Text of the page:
Other emerging viral threats include as the Hendra and Nipah viruses – highly pathogenic paramyxoviruses capable of causing severe animal and human disease. The genus Henipavirus, family of Paramyxoviridae is in the forefront of infectious disease epidemiology and global public health preparedness efforts.
Henipavirus infections were first reported in the 1990s as causing severe and often fatal outbreaks in domestic animals and humans in Southeast Asia and Australia. Nipah virus infections were observed in vivo in humans in Bangladesh, India and Malaysia, where pigs were also infected. Hendra virus infections occurred in horses in the northeastern regions of Australia, with singular transmission events to humans. Flying foxes and fruit bats appear to be the mammalian contributors to the chain of infection associated with these viruses.
Hendra and Nipah viruses possess unique genetic characteristics, high virulence and wide host-agent interactions. They are designated Biosafety Level 4 (BSL4) pathogens. Infection takes horses, pigs, cats, dogs, and humans.
Widespread infection via trans-species jumps is of great concern whether a natural or intentional biowarfare or bioterrorism event, as it can devastate herds of livestock, as well as cause lethal human disease. The US CDC (Centers for Disease Control and Prevention) categorises these pathogens as ‘select agents’ with weaponisation potential, similar to other emerging pathogens such as the filoviruses and orthopox viruses (eg. Variola (smallpox).
These pathogens prefer to grow on arterial endothelial cells rather than venous endothelial cells, and also express themselves on neurons in brain tissue resulting in the occurrence of viral encephalitis in humans.
Anthropogenic influences can result in the deterioration of ecosystem health resulting in environmental conditions that promote the growth of pathogens. These include Vibrio and other water-borne diseases as well as toxic algal blooms and toxic dinoflagellates (‘red tides’) – which generate and release very powerful toxins harmful to animal species and humans.
Toxic algal blooms consist of red tides, blue-green algae and cyanobacteria, which all have severe impacts on human health, aquatic ecosystems and economic security.
Biotoxins most closely associated with toxic algal blooms are similar to the episodes in Florida, Australia, Africa and other global regions. They include microcystins, anatoxin-a, paralytic shellfish toxins (saxitoxins), lyngbyatoxins and cylindrosperopsin. These biotoxins can generate a plethora of adverse human health effects – ranging from allergic responses to severe neurotoxicity and hepatic (liver) toxicity, and organ failure in major organ systems.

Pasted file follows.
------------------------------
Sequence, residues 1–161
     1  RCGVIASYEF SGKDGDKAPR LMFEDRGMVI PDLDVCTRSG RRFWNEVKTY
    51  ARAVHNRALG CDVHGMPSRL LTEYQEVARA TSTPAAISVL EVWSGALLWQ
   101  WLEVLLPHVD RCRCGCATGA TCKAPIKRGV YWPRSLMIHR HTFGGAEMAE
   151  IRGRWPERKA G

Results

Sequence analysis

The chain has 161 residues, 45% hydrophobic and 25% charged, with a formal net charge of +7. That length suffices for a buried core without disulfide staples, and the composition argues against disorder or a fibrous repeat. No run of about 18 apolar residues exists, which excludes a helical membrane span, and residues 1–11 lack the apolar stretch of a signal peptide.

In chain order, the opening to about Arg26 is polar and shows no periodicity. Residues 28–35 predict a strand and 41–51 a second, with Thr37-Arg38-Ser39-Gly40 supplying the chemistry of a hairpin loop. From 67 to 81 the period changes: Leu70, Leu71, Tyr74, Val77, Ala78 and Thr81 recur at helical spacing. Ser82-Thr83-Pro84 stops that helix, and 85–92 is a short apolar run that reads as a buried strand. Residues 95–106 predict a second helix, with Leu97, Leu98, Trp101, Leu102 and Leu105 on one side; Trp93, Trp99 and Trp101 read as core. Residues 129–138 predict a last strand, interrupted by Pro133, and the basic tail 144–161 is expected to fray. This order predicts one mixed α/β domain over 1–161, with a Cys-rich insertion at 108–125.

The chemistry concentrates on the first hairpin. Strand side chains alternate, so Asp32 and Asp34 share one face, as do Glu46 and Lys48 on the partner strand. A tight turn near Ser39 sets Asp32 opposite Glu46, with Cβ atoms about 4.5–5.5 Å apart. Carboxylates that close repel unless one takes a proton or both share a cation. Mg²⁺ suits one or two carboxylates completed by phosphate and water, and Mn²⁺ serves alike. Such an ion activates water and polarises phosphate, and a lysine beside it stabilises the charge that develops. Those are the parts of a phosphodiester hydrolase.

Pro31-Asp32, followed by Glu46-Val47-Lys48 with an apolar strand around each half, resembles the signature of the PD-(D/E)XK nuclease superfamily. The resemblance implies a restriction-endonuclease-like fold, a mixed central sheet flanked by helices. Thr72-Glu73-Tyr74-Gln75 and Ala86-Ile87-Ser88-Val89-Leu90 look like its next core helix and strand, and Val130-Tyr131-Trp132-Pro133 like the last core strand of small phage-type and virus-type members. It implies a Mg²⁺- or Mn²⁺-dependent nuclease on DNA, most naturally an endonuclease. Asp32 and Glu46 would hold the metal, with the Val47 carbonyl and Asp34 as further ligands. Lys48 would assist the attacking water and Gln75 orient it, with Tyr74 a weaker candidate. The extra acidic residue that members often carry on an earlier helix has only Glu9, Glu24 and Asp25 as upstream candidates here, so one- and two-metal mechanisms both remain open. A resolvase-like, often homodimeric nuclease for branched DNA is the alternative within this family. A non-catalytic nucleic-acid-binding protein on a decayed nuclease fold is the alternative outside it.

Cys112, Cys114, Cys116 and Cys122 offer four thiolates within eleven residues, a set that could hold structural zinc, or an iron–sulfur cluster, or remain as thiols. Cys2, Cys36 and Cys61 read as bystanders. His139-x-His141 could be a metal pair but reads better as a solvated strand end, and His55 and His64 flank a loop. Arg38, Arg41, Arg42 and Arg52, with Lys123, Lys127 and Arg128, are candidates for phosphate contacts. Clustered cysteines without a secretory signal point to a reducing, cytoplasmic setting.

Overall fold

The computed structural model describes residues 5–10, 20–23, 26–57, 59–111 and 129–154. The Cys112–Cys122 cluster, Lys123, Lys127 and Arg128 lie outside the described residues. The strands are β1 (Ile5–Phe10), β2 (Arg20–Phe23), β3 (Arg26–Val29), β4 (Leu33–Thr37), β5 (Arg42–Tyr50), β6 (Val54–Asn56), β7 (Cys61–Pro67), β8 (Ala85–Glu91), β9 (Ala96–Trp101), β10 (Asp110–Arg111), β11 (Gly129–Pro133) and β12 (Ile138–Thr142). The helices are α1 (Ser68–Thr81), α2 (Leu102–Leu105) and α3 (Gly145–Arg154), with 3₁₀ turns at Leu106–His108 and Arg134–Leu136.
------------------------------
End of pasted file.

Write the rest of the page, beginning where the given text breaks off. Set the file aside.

Along with ricin, botulinum toxin, T-2 mycotoxins (fungal toxins), these toxins can also be weaponised as biochemical warfare agents. The potential for biowarfare or bioterrorism utilising emerging pathogens and toxins is definitely there. Even parasitic diseases that are endemic to LMICs such as helminthic infections (worms) can be used to cause parasitic illnesses among targeted populations.
The tools and methods of public health are essential in preparedness and response to a wide range of biohazardous threat agents. Biomedical research into medical countermeasures for novel and exotic pathogens and biotoxins is also critical to global public health efforts.
Continued and enhanced global surveillance employing epidemiological tools and methods, global public health education and empowerment, robust public health infrastructure, access to adequate preventive services and medical care, vastly improved environmental sanitation and addressing biopsychosocial and sociocultural factors are all needed to address these rapidly emerging health threats in this century. While countries in every continent continue to grapple with the coronavirus pandemic, their authorities will need to be aware of other looming biothreats.
CBNW US Correspondent Frank G. Rando is a national SME, trainer, and first responder with over 30 years’ experience in emergency management, tactical, disaster and special operations medicine, environmental health and safety, public safety, and counterterrorism.